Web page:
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Chemotherapy. 1978;24(1):45-54.

Antimicrobial synergism in the therapy of gram-negative rod bacteremia.


To determine if antimicrobial synergism might affect the results of treatment of gram-negative rod infections, 444 bacteremias from 1972 through 1974 were studied. On these, 173 were treated with two antibiotics to which the infecting organisms were sensitive. Clinical responses were observed in 80% of 83 cases where antibiotic activity was synergistic, as defined by a minimum inhibitory concentration (MIC) of each antibiotic in combination being one-fourth or less than the MICs of individual drugs. This response rate was significantly better than the 64% response seen in patients treated with nonsynergistic combinations (p less than 0.05). Synergism correlated with significantly better clinical responses in those patients with "rapidly fatal" and "ultimately fatal" underlying disease (p less than 0.005), neutropenia (p less than 0.001), shock (p less than 0.01) and Pseudomonas aeruginosa infections (p less than 0.05). These results suggest that the use of antibiotic combinations to treat patients with gram-negative rod bacteremia who have the poorest prognosis is clinically justified and the improved results may be related to the synergistic activity of antimicrobial agents.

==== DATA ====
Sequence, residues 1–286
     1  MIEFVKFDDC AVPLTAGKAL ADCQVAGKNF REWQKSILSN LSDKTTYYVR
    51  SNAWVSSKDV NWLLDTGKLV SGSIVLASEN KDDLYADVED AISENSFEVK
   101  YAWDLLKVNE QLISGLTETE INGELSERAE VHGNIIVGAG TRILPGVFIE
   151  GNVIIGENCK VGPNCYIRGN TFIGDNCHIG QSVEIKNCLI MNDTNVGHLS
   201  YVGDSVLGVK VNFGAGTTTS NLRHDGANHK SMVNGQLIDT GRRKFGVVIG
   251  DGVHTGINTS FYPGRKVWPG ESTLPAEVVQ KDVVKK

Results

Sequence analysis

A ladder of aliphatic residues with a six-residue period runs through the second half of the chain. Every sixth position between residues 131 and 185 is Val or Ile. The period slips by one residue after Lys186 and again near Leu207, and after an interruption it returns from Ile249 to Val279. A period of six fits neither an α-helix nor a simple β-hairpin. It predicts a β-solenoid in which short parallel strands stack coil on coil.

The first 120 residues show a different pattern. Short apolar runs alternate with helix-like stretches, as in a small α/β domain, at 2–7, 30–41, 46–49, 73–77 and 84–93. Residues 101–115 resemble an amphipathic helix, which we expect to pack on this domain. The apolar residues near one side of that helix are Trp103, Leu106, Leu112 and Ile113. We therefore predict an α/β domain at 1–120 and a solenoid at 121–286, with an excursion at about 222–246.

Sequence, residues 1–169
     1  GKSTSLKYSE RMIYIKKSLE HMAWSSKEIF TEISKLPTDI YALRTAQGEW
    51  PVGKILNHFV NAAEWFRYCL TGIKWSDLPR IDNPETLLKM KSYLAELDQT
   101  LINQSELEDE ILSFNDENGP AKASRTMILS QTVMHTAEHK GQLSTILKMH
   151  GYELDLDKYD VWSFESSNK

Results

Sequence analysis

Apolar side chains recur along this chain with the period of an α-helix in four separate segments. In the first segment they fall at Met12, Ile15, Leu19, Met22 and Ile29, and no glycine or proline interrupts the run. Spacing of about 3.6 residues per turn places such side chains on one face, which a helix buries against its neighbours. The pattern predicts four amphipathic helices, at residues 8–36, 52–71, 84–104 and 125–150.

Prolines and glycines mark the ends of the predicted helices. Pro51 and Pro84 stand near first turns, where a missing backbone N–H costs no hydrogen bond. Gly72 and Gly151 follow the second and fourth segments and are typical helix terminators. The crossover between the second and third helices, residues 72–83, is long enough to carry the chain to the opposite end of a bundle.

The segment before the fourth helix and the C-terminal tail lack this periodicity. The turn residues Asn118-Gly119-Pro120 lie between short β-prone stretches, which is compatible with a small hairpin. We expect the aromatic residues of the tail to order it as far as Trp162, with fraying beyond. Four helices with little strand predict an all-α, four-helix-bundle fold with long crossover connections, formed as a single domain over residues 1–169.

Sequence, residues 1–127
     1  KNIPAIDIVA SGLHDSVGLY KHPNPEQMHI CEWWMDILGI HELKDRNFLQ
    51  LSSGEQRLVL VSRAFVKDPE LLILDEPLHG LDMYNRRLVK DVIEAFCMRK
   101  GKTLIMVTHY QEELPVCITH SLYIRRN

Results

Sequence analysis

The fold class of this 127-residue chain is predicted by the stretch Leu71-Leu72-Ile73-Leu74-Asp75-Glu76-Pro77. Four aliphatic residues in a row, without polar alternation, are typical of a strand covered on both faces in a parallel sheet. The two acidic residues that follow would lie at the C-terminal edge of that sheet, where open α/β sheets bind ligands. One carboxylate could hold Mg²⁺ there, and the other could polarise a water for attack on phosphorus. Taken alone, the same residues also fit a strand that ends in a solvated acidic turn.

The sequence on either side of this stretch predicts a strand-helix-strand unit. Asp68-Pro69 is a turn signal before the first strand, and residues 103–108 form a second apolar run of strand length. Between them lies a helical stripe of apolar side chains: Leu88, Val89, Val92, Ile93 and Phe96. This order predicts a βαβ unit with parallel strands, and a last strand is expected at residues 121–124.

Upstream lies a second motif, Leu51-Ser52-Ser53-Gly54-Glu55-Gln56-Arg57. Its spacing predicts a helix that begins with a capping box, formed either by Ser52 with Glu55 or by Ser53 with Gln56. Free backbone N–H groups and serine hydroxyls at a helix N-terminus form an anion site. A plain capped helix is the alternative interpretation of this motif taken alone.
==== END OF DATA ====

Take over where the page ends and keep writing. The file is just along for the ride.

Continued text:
[Indexed for MEDLINE]

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